A little off beat post – I decided to ask a few people around the studio some of their top tips for whatever they were working on at the EXACT moment I asked them.
Graham is going to start us off with this little gem:
My favorite trick that I use pretty regularly is the use of “$” to flag rows or columns as absolute references in MS Excel / Google Sheets.
By default, when you reference a cell as part of a formula by clicking on that cell, spreadsheet programs will treat the reference as a “relative reference”. This means if you copy and paste that cell, your referenced cell will change in the pasted cell. For example, if you copy the formula “=A1*B1” from row 1 to row 2, the formula will become “=A2*B2”.
This is great in many cases, but sometimes you don’t want the spreadsheet to change your referenced cell when you copy/paste. In our example, if you wanted to multiply cell A1 by each item in column B, you’d want the formula on row 2 to be “=A1*B2”, and on row 3 to be “=A1*B3”, etc.
To have your spreadsheet behave like this, you simply have to change the reference from a relative reference to an absolute reference by adding the “$” character in front of the row/column that you don’t want to change when the formula is pasted. In our example, “=$A$1*B1” would cause the B1 to change when pasted, but the A1 reference to always remain the same.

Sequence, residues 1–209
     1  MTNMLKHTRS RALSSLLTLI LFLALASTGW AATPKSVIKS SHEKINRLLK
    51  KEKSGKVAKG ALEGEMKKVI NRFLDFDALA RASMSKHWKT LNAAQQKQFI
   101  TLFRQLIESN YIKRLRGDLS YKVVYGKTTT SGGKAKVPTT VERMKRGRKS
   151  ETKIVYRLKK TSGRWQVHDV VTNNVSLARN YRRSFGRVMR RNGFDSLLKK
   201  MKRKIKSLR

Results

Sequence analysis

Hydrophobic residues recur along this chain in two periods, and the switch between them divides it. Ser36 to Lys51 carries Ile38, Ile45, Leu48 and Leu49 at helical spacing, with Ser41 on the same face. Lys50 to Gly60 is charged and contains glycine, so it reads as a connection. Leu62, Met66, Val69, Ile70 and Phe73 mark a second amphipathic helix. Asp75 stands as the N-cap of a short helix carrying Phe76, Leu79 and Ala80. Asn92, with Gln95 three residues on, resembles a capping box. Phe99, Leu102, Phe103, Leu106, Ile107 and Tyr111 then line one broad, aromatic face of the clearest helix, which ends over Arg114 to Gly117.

Some more complex examples can be found here:
To be honest, I thought everyone knew that trick. Graham doesn’t get out much. Alright, let’s move on to Augusto – Augusto, what do you have for us?
Paste Special in Toonboom allows a variety of settings. I like this because I can duplicate the art, but retain individual animation on each. So this is flexible for the animation team, and our Editor just reads the 1 drawing instead of quadruple-ying (?) it.
It’s great to make adjustments to the art later in the project and not go crazy
If I edit one drawing (I extend one vertix)…
…it updates in the other copies of the drawing.
Whoah, nerd alert amiright? George, good old George, what say you?
Hiding the damn canvas in the scene view of Unity:
If you’ve got a canvas in your seen set to camera/screen fit, you’ll be happy to know you can hide that giant monstrosity in the scene view via the “Layers” dropdown in the top right corner of the editor. You can use this to hide the UI, or any other Layers within the scene view!
Thanks George. Now trusty David, take us home with a major whallop of a tip:
It’s pretty trivial but seems not widely known: Gmail ignores any dots in your name, so firstname.lastname@example.org and cool.mc.guy and c.o.o.l.m.c.g.u.y are all equivalent
Well if tips were like baseball, that’d be a sure home run David.
Hope you learned something, and if you have your own tip, tweet us @DrinkBoxStudios or email us at contact at drinkboxstudios.com.